“I have my family to think about,” one woman said.
“I have heard stories,” another woman added intimating the Earp posse has been making threats, and that she “had children….” not finishing the thought but instead intimating that her kids might be in the vicinity of either the Earp thugs, their ilk, or their offspring.
In fact, the dead man’s brother Douglas Flavious Earp has been charged with threatening one of the individual on the witness list.
At one point two individuals, a woman accompanied by a man sporting a black eye, sat in the courtroom wearing black t-shirts with pink angel wings on the back inscribed with “Scotty’s Ride” in reference to a reportedly failed poker-run the Earp crowd attempted recently on behalf of the deceased.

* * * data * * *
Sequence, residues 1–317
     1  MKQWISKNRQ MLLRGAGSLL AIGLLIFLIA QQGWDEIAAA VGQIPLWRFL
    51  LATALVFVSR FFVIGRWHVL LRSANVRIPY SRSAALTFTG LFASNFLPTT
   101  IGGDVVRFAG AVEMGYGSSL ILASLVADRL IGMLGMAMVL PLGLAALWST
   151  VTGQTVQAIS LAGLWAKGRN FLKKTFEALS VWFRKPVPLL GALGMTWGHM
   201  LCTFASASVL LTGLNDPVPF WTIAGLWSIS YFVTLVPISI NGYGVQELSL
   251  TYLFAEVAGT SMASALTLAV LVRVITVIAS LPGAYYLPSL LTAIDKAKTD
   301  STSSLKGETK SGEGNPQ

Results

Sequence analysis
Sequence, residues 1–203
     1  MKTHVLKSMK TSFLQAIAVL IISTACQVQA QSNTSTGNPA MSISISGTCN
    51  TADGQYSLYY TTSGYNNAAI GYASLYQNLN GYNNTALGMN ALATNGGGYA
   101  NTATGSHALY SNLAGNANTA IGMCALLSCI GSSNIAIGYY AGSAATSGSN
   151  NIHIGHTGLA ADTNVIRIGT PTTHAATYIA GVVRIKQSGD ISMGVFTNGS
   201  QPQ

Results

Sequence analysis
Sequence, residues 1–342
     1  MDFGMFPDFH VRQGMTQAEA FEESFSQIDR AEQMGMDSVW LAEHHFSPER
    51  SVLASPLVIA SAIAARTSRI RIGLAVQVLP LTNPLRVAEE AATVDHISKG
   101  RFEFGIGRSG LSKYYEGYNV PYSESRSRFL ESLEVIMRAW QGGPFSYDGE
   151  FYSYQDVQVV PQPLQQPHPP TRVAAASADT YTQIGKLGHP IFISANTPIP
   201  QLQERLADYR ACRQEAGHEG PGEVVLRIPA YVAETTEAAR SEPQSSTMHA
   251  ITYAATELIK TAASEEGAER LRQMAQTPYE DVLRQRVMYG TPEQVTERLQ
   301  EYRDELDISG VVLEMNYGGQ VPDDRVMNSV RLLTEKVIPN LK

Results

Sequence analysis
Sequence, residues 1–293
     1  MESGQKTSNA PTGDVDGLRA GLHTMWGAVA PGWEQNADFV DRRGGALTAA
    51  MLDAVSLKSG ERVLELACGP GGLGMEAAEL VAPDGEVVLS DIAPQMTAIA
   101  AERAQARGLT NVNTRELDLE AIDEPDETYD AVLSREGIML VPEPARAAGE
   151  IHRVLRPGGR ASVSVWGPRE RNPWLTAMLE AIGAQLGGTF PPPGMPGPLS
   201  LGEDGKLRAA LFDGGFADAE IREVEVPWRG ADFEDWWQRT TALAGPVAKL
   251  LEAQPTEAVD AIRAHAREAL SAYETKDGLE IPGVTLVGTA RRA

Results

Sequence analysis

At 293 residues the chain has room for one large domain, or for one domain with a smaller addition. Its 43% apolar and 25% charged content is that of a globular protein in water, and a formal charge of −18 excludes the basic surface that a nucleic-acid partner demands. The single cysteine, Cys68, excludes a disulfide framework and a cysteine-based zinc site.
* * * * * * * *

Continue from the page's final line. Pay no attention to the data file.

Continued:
The “unchecked gang” comment seems to stem from the fact David Hyde has allowed the Earp/Trout family to terrorize numerous citizens of Olney without fear of prosecution.
Arguably, if Hyde would have bothered doing his job and prosecuted the miscreants before they became so violent, this story wouldn’t exist, Michael Scott Earp would still be alive and Brandon Jenkins, a two-tour Marine combat vet, would have returned home to his family in Texas after another successful mission in the Southern Illinois oil patch.
Jury selection resumes tomorrow, Wednesday, April 25.
Publisher’s note: Today’s NewsBlasts were a first attempt at a new aspect of bringing you the news as it is unfolding. The process ran into some technical difficulties. We now think the bugs are worked out and so check tomorrow (Wednesday, April 25) frequently for no fewer than four NewsBlasts as jury selection continues.